}

Using Tensorflow with R

27/06/2019

When examining the available selection of machine learning environments, even the most ardent R user may suffer some pangs of Python envy. Most machine learning environments, such as Google's Tensorflow, are programmed in C++ for maximum performance and maximum utilization of hardware resources such as GPUs (graphics processing units). The Tensorflow API, however, is designed to permit Python programmers to easily access the functionality of core Tensorflow libraries. This brings us to a kind of "good-news, bad-news" joke. The good news is that the RStudio folks have provided an R package to provide R users access to the popular Tensorflow toolset. The bad news is that Tensorflow's API is still a Python interface, so any R code must be translated into Python-compatible instructions if they are to be correctly applied. The fundamental R data structures and datatypes, which are different from those of Python, must be scrutinized and managed precisely if the interface to Tensorflow is to work at all.

Our goal here is not to learn Tensorflow, of course, but to examine some of the ways that R code must be crafted if it is to work with Tensorflow. Another aspect of the "bad news" is that virtually all tutorials on using Tensorflow are written for the Python programmer. Our ironic task, therefore, is to learn to translate Python examples into R code which can then be translated into Python.

Of course, we are still obliged to create a "Hello, world" program for our first effort. This assumes you have already installed the R "tensorflow" package. As a nice touch, installing this package will trigger the installation of Tensorflow itself if it is not already installed.

library(tensorflow)

hello <- tf$constant('Hello, World!')

sess <- tf$Session()

sess$run(hello)

sess$close()

You should note immediately that there has been no instantiation of any object in our R code. We simply start using the "tf" variable to access Tensorflow. "tf" is created when you load the tensorflow package using the library function. You must be careful here; the accidental creation of a new variable called tf will mask the tf from the library. If you remove the tf variable, you will have to reload the library.

In the simple "Hello, world" example it would seem that the main difference is that R uses the "$" notation, so that what would be tf.constant( ) in Python is now tf$constant( ) in R. However, a great deal more attention to detail is necessary.

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For example, [2,2] would be a vector consisting of two integers in Python. c(2,2) would seem to be the obvious R equivalent, but if we run class(c(2,2)) we find that the R version is a numeric vector, not an integer vector. We must use as.integer(c(2,2)). The following example uses this vector in the declaration of a Tensorflow matrix containing random values.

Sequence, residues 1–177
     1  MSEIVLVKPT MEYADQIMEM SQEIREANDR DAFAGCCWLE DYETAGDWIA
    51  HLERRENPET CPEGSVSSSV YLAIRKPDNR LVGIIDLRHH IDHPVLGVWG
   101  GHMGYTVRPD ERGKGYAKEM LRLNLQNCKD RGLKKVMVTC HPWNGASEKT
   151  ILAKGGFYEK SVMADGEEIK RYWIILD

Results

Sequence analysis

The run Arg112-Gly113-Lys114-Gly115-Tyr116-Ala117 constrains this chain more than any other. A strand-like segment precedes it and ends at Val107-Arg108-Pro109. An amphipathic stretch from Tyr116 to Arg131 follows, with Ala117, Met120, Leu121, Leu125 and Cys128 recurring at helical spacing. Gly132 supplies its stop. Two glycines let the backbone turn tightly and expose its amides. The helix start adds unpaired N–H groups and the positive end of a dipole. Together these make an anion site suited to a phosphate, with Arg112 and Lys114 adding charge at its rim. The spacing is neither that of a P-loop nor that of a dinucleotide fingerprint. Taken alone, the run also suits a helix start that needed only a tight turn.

library(tensorflow)

# accessing "tf" takes a long time if the tensorflow library has just been loaded

W1 <- tf$ones(2,2) # from python W1 = tf.ones((2,2))

# W2 similarly. R doesn't like the double parens

W2 <- tf$Variable(tf$zeros(2,2), name="weights")

sess<-tf$Session()

print(sess$run(W1))

# tf$initialize_all_variables() is deprecated

# sess$run(tf$initialize_all_variables())

sess$run(tf$global_variables_initializer())

print(sess$run(W2))

print(class(c(2,2)))

# note that the vector c(2,2) is numeric in R, not integer

# tensorflow demands an integer in this context

R = tf$Variable(tf$random_normal(as.integer(c(2,2))), name="random_weights")

sess$run(tf$global_variables_initializer())

print(sess$run(R))

Python code is likely to use Dictionary objects which are analogous to, but not identical to, named lists in R. I have found that in some cases a list object will fail if the Tensorflow API expects a Dictionary. Fortunately the R package "reticulate" (reticulate python, get it?) provides an R "dict" object that can be used successfully in these cases. Reticulate is installed as a part of the R tensorflow installation.

input1 <- tf$placeholder(tf$float32)

input2 <- tf$placeholder(tf$float32)

output <- tf$multiply(input1, input2)

sess<-tf$Session()

# print(sess.run([output], feed_dict={input1:[7.], input2:[2.]}))

print(sess$run(output, feed_dict=dict(input1=c(7.0), input2=c(2.0))))

# dict is in the reticulate namespace. The R "list" primitive does not work here

Conclusion


The tensorflow package provides the necessary functionality for the R programmer to develop code that will execute in Google's Tensorflow ML platform. However, the fact that virtually all Tensorflow books and tutorials are written using Python, the R programmer must be able to read the Python examples with sufficient understanding before he or she can craft the R equivalent. Unlike many R packages, from which only a few simple functions might be required, tensorflow requires an understanding of the full workings of Google Tensorflow itself, which is a substantial undertaking.

Written by Dan Buskirk

The pleasures of the table belong to all ages.” Actually, Brillat-Savaron was talking about the dinner table, but the quote applies equally well to Dan’s other big interest, tables of data. Dan has worked with Microsoft Excel since the Dark Ages and has utilized SQL Server since Windows NT first became available to developers as a beta (it was 32 bits! wow!). Since then, Dan has helped corporations and government agencies gather, store, and analyze data and has also taught and mentored their teams using the Microsoft Business Intelligence Stack to impose order on chaos. Dan has taught Learning Tree in Learning Tree’s SQL Server & Microsoft Office curriculums for over 14 years. In addition to his professional data and analysis work, Dan is a proponent of functional programming techniques in general, especially Microsoft’s new .NET functional language F#. Dan enjoys speaking at .NET and F# user’s groups on these topics.